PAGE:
A concordância verbal variável no português dos Tongas

Norma da Silva Lopes, Alan Norman Baxter


Variation in subject-verb agreement is widely observed
in Brazilian Portuguese and it is one among many features in
the language indicative of a history influenced by processes of
irregular- language transmission (Baxter & Lucchesi 1997;
Baxter 1998; Lucchesi & Baxter 2009). The present paper draws
attention to the existence of variable subject-verb agreement in
a variety of African Portuguese, spoken in São Tomé by the
Tongas, descendents of continental Africans contracted in the
19th and 20th centuries to work on coffee and cocoa plantations.
In their ethnolinguistic origins, their labour conditions and the
language contact situation in which they acquired Portuguese,
the Tongas find many parallels with the slave populations of the
large Brazilian agricultural ventures of the early XIX century.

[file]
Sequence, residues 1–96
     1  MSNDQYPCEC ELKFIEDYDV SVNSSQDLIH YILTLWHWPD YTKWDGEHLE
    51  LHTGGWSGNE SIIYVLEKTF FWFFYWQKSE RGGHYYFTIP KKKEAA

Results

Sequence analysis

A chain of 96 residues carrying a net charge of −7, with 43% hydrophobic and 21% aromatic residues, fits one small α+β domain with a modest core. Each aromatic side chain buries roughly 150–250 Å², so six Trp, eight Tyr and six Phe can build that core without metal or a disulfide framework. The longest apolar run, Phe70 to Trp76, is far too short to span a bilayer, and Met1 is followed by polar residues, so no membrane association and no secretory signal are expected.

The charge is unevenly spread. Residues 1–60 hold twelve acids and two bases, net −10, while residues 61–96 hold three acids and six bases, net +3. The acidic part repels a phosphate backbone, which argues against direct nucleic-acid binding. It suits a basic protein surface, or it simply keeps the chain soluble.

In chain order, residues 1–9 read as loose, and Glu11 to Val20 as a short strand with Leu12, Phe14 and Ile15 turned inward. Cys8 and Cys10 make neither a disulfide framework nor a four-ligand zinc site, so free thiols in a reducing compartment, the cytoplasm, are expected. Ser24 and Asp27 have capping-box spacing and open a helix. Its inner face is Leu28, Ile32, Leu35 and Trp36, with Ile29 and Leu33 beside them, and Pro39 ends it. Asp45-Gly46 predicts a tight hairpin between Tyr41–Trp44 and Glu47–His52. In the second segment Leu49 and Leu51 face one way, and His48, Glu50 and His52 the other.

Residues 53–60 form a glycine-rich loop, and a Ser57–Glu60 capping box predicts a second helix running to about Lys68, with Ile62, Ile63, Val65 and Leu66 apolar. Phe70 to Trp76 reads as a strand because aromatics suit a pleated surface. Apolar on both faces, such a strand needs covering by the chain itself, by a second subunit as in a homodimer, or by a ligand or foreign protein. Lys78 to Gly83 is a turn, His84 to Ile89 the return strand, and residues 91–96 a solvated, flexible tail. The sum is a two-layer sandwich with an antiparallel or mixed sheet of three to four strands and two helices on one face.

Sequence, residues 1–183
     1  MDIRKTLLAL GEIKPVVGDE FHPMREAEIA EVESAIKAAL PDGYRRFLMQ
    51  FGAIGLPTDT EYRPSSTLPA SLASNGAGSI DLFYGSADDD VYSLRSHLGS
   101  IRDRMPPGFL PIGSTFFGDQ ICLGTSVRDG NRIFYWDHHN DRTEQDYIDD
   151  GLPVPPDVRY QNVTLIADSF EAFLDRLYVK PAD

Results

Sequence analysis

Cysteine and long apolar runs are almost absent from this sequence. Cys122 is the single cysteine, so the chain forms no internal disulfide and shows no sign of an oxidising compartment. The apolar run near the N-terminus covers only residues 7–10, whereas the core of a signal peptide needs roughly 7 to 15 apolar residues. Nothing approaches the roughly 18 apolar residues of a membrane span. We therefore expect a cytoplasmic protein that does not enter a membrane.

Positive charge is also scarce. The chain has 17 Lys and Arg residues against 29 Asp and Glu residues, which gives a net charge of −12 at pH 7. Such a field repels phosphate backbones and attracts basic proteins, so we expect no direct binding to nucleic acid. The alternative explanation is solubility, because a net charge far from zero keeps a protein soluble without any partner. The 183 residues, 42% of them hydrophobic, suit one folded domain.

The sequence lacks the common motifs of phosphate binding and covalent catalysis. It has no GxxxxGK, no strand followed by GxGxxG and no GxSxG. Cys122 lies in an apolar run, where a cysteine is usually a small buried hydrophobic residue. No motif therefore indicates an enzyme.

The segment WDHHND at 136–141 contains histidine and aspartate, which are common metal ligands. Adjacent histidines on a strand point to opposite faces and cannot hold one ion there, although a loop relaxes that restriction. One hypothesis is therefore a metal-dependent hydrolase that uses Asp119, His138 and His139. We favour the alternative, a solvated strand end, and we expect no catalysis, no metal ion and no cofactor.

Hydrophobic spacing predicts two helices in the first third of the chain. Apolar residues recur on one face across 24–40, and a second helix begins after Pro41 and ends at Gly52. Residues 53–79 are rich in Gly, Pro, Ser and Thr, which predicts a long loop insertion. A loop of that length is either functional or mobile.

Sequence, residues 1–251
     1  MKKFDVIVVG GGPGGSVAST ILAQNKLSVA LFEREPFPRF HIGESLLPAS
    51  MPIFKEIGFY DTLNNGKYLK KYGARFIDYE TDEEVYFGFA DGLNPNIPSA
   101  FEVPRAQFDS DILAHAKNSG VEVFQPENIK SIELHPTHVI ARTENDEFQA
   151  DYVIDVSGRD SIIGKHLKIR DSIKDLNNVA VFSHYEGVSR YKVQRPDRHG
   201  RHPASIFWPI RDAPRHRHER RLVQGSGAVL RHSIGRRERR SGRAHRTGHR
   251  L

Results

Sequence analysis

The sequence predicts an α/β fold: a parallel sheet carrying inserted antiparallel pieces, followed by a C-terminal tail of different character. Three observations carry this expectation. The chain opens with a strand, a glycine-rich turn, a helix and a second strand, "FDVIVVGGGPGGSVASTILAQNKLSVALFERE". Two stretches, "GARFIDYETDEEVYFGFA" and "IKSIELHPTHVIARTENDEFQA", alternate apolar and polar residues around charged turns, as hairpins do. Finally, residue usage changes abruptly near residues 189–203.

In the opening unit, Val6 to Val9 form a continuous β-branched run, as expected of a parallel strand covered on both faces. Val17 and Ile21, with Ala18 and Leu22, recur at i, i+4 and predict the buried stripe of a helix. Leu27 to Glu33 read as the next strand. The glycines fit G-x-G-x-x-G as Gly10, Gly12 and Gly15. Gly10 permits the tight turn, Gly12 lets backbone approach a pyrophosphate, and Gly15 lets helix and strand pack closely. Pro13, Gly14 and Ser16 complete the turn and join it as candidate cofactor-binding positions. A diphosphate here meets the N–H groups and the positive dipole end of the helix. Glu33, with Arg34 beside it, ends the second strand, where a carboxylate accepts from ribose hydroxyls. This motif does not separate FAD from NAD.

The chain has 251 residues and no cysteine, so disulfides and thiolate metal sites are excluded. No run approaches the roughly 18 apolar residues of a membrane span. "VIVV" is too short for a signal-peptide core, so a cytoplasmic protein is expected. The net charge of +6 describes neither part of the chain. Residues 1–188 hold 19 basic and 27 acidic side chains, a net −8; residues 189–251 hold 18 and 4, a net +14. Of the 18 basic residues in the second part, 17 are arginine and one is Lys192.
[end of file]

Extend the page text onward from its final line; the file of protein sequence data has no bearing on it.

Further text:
The Portuguese of the Tongas diverged substantially from the
language of the Portuguese overseers, and displays formal
characteristics of other varieties of Portuguese acquired in
language contact situations, which include variation in all
agreement rules. The paper presents results from a preliminary
variation study of Tonga subject-verb agreement contemplating
three inflections: first person singular (P1), 1st person plural
(P4) and third person plural (P6). It evaluates the conditioning
effects on subject-verb agreement of a range of independent
variables, including the position and status of the subject,
morpho-phonological salience of the verb, tense, presence of
negation, and age group. The results are suggestive of a process of morpho-syntactic acquisition, which begins with a system virtually devoid of agreement.


tongas; verbal agreement; contact situations

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Revista Brasileira de Estudos do Contato Linguístico

e-ISSN: 2316-2767

ISSN: 0103-9415 (da versão impressa, descontinuada)


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